Cut out and keep: emergency partitioning
The fdisk program is much like the Vi text editor, but for partitioning: it's terse, minimal and available in virtually every distro. Start it (as root) by providing a drive path (to the device node) like this:
In a typical Linux installation, /dev/sda refers to the first hard drive, while /dev/sdb refers to the second, and so forth. Enter p and you'll see a list of partitions on the drive, as in the screenshot.
Note here the Start and End columns, which show sectors in use. Each partition has a number, so sda1 is the first partition on the first drive, and sdb3 is the third partition on the second drive.
To delete a partition, enter D and you'll be prompted for the number.
To add a new partition, enter N. You'll be asked whether to make it primary (maximum 4) or extended; go for the former if you have room, for simplicity's sake.
Then enter a start sector number (taking into account the list earlier) and size. Back at the main prompt, enter P and you'll see the new partition in the list.
It has no ID at the moment, though, so enter T, then the partition number, and then Shift+ L to list available types. Enter 83 for a Linux partition, 82 for a swap partition, or 7 for a Windows (NTFS) partition. Now enter W to write the changes to disk, or Q to quit without writing.
>An fdisk session, showing the Linux and Windows partitions on a hard drive.
A separate /home: yes or no?
One of the biggest choices you face when installing Linux and partitioning a hard drive is this: do you put the / home directory on a separate partition?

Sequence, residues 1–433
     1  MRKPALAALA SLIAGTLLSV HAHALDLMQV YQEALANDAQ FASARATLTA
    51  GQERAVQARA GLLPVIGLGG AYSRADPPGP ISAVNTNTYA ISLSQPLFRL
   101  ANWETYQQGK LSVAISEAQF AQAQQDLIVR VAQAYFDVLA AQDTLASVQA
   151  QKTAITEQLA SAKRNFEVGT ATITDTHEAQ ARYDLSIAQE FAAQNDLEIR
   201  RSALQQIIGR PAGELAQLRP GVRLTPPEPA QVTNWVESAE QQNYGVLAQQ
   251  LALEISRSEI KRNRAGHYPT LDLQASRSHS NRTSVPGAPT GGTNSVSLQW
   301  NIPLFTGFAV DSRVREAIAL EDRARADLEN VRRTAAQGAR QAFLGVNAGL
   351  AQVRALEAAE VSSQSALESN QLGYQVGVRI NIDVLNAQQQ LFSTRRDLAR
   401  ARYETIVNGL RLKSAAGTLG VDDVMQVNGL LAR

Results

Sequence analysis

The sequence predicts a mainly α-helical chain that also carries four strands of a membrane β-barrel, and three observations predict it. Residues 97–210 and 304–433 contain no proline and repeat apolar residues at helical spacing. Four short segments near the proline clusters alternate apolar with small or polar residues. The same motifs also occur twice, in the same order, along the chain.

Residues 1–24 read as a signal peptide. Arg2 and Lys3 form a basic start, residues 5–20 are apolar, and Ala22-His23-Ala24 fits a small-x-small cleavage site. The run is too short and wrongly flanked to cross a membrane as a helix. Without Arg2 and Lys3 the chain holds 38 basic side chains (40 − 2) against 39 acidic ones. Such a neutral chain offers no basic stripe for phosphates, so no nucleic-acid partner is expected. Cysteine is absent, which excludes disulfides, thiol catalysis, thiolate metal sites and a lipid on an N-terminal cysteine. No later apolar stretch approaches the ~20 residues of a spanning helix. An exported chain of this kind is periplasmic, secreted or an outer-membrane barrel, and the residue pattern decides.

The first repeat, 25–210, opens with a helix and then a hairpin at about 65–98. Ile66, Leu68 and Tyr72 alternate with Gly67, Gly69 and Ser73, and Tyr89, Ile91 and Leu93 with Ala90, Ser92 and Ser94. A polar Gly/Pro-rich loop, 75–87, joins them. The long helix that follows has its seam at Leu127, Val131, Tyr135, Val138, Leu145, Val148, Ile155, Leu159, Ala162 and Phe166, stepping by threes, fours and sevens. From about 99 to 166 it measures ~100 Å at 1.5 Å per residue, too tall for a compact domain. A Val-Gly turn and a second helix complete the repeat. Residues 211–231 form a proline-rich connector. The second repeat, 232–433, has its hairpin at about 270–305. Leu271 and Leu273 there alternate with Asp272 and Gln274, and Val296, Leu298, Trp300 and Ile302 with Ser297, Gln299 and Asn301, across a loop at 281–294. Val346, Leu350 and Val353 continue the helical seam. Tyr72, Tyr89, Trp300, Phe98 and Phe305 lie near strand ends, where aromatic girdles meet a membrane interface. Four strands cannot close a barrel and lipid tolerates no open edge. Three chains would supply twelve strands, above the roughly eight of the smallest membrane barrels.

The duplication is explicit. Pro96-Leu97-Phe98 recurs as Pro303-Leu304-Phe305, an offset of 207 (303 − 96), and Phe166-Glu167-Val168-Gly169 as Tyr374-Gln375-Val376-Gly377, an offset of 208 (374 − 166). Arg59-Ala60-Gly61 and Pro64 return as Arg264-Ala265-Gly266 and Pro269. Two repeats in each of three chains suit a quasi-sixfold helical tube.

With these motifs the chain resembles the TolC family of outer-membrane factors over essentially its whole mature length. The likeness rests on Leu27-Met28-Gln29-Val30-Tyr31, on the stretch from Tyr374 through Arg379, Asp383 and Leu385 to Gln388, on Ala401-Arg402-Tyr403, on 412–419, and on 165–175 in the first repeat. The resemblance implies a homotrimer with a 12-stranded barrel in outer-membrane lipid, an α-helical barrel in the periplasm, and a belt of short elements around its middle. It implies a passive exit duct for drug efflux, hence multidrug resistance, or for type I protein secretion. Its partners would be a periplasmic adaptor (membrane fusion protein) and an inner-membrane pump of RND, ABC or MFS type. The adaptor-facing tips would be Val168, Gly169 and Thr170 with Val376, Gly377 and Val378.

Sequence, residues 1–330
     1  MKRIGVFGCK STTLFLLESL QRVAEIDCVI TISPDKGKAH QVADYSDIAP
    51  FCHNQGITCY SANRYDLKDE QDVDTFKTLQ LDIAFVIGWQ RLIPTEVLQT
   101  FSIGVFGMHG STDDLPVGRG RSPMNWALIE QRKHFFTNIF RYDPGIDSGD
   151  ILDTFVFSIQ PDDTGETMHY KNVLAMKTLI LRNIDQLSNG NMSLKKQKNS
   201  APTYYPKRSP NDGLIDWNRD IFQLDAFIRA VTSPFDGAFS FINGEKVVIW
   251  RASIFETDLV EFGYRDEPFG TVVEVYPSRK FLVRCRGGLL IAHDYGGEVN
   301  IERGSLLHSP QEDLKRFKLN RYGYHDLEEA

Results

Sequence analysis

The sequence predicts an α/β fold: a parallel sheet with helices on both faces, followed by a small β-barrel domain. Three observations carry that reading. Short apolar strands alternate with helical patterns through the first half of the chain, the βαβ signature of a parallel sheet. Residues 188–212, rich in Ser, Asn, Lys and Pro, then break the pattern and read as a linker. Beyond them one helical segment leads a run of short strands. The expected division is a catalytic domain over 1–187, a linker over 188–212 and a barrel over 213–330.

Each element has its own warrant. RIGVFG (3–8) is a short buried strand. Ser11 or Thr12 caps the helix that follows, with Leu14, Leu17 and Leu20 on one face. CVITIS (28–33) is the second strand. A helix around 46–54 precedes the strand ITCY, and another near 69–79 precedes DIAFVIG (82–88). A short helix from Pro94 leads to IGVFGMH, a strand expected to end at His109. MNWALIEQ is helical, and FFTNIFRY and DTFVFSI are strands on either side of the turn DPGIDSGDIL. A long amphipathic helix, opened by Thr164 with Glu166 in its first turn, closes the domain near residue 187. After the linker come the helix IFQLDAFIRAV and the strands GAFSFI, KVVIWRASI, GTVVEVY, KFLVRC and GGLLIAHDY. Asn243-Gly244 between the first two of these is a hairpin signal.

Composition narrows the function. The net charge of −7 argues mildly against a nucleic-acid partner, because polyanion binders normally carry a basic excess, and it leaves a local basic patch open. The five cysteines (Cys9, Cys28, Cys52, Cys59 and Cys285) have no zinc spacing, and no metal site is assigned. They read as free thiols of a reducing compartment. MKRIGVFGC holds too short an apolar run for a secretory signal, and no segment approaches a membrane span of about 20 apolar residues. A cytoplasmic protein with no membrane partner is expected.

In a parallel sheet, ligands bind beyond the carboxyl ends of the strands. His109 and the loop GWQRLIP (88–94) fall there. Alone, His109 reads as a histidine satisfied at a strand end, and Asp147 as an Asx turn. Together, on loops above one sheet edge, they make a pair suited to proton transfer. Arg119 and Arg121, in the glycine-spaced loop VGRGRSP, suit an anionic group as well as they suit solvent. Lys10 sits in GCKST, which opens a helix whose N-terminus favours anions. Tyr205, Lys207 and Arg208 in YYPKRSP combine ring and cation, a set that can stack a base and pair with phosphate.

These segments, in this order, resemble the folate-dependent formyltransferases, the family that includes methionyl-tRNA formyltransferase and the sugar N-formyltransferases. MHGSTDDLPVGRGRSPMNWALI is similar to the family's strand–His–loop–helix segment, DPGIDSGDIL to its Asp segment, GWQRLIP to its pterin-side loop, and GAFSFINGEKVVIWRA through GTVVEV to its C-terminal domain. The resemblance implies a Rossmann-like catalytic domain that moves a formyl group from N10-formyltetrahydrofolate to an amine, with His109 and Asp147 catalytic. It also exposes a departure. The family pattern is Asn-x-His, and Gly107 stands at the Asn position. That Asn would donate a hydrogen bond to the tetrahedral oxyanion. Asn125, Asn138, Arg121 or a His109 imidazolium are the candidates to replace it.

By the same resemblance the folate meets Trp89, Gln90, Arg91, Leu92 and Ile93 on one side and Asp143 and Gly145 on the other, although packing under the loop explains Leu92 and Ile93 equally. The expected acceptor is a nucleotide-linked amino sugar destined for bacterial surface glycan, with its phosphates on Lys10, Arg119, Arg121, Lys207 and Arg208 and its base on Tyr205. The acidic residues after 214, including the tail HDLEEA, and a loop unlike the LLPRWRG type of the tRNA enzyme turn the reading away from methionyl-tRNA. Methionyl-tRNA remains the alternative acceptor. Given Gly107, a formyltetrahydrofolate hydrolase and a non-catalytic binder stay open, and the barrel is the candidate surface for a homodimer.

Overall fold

This is where user files live - that is, personal documents and settings for user accounts, as opposed to operating system files, which live in separate directories.
Some Linux distributions recommend using a separate partition, whereas others default to dropping everything into the same partition. So, what do you do? The answer depends on how you want to use your machine.
If you plan to try many different distros, and you're often installing new ones over the top of old ones, then it makes sense to have a separate /home partition.
In this way, you can do what you like with the operating system - upgrade it, downgrade it, or wipe it all and try some random new distro from the Faroe Islands.
Whichever Linux flavour you happen to be running, your personal files will always be there, stored safely on a separate part of the disk.
If you're careful, you can even have multiple Linux distributions on the same machine, all using the same partition for the /home directory after booting.
But why do we say you have to be careful? Well, think about settings and configuration files. If you do an ls -a in your home directory, for instance, you'll see a large number of hidden files and directories starting with full-stops - these store settings for programs. If you try to use the same settings between different versions of a program, it can really confuse that program.
For instance, let's say you have Distro A and Distro B on your machine. You boot Distro A and run FooProgram 2.0 for the first time, which creates a .fooprogram/ settings folder in your home directory.
Then you boot Distro B with the same home directory, and start FooProgram - but in this case, it's version 1.0. It'll get confused by differences in the configuration files, and could crash or corrupt data. Another potential problem with separate /home partitions is the size constraint.
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